Trade Wind Sailing

Fri 7 Dec 2012 12:10
position  18.14.15N; 40.19.31W
Well it has been an eventful couple of days and  we are still searching for the elusive trade winds.  I had thought that all we had to do was go South until the butter melted and then turn right and there were the Trades.  Well the butter melted a couple of days ago and we are now sailing into a Westerly.  I thought that they were meant to blow the other way – or is the magnetic variation really that strong here??
A little backtrack.  A couple of nights ago we were just changing watch and a particularly sudden lurch saw the skipper head butt the mirror in the after head.  Fortunately no damage to my head – it is pretty solid, but the mirror has definitely seen better days.  I am told that, to the superstitious, there is a huge difference between a cracked mirror and a broken one.  Well this one is cracked in a big way – but at least we dont have to pick up shards of broken glass all the time.
Shortly after that we spotted our first sperm whale.  Actually it looked more like a submarine to me initially but it was helpfully identified in Tim’s eye-Spy of fishing as a Sperm Whale calf as it was only 20-30 feet long.  It was happily swimming along some 50 yards from the boat and I am pleased to say that we never saw its mother!  The fishing book therefore does have its uses – albeit hopeless at identifying fish that we might be able to eat.
We then enjoyed a spectacular days sailing – flat seas and 20 knot of wind on a broad reach.  Great fun.  Landed an even bigger Dorade and just about to convene a meeting of the Fish Filleting Board when it jumped off the hook as we had it on the transom.  That was the last success with the rod and since then we have lost three lures.
Yesterday we went through a big debate as to whether we should head S of a big wind hole identified on the GRIB files or to the North.  After much consideration we decided to go South and watched the barometer drop from 1017 down to 1004 in the 36 hours leading to yesterday afternoon.  As the sun was setting the wind really started to blow and we had a pretty constant 40 kn wind over the deck as we were running before the storm at 11 knots.  It wasnt just the wind strength (which at 50knots represents a pretty healthy Atlantic Storm at Force 10), but the violence in it as well.  I wonder if Admiral Beaufort would have approved of the amount of sail we had up...  Eventually the storm abated and we had time to get the mainsail off before dark and then spent an exhausted night sailing slightly N of West under headsail alone.  Slow progress and not quite in the right direction- but progress none the less.  Other than that, a quiet night and only pleased that the celestial firework display stayed a way over to the west and we were able to participate as distant by bystanders – would not have wanted to be part of that.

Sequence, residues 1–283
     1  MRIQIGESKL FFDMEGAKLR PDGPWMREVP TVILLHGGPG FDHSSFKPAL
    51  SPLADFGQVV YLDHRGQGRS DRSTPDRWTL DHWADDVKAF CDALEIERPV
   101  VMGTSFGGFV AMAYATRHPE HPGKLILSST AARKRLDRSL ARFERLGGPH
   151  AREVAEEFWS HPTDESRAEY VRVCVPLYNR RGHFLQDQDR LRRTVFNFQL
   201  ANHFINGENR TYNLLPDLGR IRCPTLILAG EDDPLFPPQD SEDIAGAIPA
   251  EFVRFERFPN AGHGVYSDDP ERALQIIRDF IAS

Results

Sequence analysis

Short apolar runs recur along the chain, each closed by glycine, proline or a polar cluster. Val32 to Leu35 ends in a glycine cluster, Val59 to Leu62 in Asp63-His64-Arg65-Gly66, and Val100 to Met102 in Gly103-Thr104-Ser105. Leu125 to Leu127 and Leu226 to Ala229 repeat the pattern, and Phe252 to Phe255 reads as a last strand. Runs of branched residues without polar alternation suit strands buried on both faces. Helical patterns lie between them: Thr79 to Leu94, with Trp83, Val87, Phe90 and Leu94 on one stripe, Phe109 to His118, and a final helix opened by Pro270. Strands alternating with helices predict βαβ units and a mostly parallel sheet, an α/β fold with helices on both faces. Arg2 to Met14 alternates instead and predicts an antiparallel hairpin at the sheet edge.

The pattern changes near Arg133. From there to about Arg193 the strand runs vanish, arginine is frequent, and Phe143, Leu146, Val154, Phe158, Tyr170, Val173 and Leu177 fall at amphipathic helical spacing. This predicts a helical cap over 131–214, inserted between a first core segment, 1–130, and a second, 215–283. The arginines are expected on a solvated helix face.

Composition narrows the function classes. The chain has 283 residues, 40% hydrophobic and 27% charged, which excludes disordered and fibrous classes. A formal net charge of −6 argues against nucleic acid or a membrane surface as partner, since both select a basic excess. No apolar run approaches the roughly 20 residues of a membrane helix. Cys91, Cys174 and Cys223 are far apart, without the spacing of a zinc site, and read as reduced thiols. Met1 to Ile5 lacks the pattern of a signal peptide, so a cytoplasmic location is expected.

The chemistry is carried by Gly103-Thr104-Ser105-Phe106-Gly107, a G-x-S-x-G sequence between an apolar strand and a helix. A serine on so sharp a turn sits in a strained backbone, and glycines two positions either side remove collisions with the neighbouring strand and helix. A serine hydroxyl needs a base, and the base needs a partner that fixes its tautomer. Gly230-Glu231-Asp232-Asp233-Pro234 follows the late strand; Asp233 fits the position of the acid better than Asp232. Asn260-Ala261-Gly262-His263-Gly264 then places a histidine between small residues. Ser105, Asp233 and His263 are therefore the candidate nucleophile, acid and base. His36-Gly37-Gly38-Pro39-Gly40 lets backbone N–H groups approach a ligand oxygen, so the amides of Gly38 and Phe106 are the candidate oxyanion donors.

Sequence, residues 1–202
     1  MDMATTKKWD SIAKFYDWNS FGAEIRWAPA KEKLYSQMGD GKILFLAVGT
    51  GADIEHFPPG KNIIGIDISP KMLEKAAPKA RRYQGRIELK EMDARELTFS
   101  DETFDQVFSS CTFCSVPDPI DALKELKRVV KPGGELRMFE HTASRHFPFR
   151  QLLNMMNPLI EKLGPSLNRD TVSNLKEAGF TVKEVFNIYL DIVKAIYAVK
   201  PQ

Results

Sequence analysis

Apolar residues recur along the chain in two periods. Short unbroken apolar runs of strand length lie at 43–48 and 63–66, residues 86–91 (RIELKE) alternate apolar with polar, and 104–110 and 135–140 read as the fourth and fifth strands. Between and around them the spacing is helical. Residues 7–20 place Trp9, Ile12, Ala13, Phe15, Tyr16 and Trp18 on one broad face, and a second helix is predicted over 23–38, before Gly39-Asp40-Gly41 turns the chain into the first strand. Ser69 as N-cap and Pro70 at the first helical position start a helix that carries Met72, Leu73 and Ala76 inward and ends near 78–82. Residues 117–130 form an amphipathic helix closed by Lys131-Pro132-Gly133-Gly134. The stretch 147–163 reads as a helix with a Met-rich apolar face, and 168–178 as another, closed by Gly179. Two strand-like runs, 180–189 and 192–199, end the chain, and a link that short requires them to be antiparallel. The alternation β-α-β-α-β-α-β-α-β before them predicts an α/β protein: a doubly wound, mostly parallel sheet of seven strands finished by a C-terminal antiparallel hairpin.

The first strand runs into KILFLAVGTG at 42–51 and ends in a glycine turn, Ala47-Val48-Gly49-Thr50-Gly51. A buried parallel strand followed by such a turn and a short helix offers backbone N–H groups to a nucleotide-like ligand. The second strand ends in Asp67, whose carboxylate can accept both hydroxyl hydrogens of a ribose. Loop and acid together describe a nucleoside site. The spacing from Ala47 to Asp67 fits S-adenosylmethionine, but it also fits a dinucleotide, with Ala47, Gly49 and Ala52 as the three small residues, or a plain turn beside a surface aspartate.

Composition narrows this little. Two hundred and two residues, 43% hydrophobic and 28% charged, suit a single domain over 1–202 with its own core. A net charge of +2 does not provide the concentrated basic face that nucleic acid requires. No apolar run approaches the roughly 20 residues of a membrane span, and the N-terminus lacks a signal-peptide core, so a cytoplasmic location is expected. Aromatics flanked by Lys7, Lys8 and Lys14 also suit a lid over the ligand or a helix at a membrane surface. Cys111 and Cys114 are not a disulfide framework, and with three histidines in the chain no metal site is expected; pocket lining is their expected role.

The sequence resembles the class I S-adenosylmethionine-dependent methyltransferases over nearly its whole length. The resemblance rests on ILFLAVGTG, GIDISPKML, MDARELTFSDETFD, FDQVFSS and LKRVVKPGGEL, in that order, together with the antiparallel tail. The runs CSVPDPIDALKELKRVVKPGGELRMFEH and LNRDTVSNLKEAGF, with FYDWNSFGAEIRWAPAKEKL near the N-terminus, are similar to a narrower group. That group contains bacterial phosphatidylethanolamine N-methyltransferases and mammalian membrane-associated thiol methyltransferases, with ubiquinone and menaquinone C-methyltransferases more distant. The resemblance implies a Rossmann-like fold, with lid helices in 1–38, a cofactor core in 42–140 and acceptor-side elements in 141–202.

This morning broke sunny and clear.  Looks like the first day of sunshine we have had since leaving Gibraltar – but perplexed by the SW winds we are getting.  As we come out of the weather hole, the wind is supposed to fill in from the NE – ie the Trades – but at the moment there is no sign of it.  Also no idea as to whether the wind will back or veer in its 180 turn.
Crew morale remains high – seem to have exhausted Graham’s supply of silly stories, so we are now back to prep school for the humour.  Wasnt sure about Tim as at one point in the night he seemed to be pointing the boat East.  I am not sure that means he wants this to go on for ever or thinks turning back and getting off at Cape Verde Islands might be easier.
That’s about the facts so far. No doubt gossip to follow